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4 Must-Know Consultant Interview Tips


Legal cases have much at stake in terms of money and people’s lives, so attorneys and others in the industry need all the help they can get. Even if a trial lawyer knows his or her case inside and out, he or she can provide stronger representation with guidance from consultants. Some consultants in the industry have law degrees, while others hold advanced degrees in sociology, psychiatry, psychology, or have worked in those career fields.

Whether you are interviewing to obtain a job consulting as a lawyer, or you are seeking the position of trial consultant with a non-legal background, it’s important to pay attention to best practices in general interviewing, as well as for this specific position. When your resume and cover letter have drawn a favorable enough response from a law firm that they invite you to interview face-to-face, you want to leave them undoubtedly impressed with your capabilities. To successfully land that job, follow these four must-know consultant interview tips.

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Consultant Interview Tips

Dress Like a Courtroom Professional: In order to offer guidance to attorneys in and out of the courtroom, you must dress the part. Traditional, professional clothing is a must. If you want to be credible in your consultations, you must be every bit as professionally dressed as others in the industry. Men and women should wear well-tailored suits in conservative colors such as gray or navy. Because the way your suit fits matters more than how much it cost, have yours professionally tailored before the interview. The wrists and shoulders on the jacket should match up to your body. Make sure your jacket is not too snug if you button it up. Shirts should be in white or light blue. Ties should be solid or striped; save the crazy colors and patterns for another time. Black dress shoes or pumps should be worn: no stilettos or strappy styles. When you look serious, you will be taken seriously.

Be a People Person: Consultants are often hired to help attorneys size up people as potential members of the jury, so show your skills in this area. If your background is in psychology, sociology, or psychiatry, you have been educated to fine-tune this skill. By observing individuals’ mannerisms, behaviors, and traits, you can help guide a lawyer to deselect or select potential jurors. Not only must you take in information about age, job, race, religion, marital status, and whether prospective jurors have children, you also ask revealing questions and note personality traits. By assessing this data, you can offer crucial legal advice. To show interviewers your capabilities, be prepared to give specific examples of times you used your interpretive strengths.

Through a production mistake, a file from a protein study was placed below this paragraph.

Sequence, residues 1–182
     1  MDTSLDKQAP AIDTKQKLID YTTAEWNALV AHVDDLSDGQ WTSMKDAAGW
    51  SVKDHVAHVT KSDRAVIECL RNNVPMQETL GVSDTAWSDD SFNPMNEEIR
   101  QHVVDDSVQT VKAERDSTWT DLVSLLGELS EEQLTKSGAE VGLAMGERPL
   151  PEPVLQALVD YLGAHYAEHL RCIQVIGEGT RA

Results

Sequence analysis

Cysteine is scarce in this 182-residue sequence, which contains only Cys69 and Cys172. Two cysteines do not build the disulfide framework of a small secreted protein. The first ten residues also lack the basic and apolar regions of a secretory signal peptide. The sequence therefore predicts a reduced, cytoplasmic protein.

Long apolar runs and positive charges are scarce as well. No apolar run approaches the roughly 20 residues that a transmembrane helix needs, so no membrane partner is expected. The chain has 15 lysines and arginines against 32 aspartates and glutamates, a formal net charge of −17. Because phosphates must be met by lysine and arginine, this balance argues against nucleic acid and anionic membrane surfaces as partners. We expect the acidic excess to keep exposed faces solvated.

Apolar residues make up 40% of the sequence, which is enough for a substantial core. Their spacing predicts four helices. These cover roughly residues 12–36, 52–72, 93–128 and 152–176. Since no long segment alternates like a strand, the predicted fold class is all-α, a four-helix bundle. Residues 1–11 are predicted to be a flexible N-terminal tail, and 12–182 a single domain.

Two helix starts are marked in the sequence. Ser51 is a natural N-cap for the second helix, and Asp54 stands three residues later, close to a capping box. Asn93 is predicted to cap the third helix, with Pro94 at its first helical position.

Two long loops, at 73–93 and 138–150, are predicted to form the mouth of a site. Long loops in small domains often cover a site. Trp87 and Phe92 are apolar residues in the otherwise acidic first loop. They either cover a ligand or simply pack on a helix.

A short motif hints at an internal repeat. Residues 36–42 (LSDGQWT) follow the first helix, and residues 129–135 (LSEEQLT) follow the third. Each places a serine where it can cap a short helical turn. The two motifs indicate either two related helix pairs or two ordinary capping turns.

Present Your Education or Background: To be hired as a legal consultant, you must have the proper education and/or years of experience. You may be an attorney yourself, or you may have an advanced degree that gives you expertise in human behavior. There’s even a chance that you don’t have graduate degree, but have spent years in a human-behavior or related industry. Be prepared to demonstrate through your coursework, degrees, certification, licenses, or bank of experience why you would be a fit for this job. Think of real-life examples of when you’ve pinpointed personality traits of jurors or others that helped win a case or changed the view of a situation. Concrete stories about your talents are sure to impress your interviewers.

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Spotlight Your Communication Skills: To consult in the legal industry, it’s imperative that you be a great communicator. When answering questions, speak confidently in a clear, strong voice. Be sure to listen carefully to everything that is said during the interview, as well. To be a topnotch communicator, you must be able to project and receive information. In addition to oral and auditory communication skills, you need to be a savvy writer. Because your resume and cover letter bought you a ticket to a face-to-face meeting, your interviewer is likely already impressed with your writing skills. If you have additional writing accomplishments, such as articles, books, or blogs you’ve penned, this is a good time to share them.

If you want to offer consultation in and out of the courtroom, prepare yourself to shine in your face-to-face interview. When you follow these four consultant interview tips, you have a better chance of being invited back for a second interview and finally being offered the position.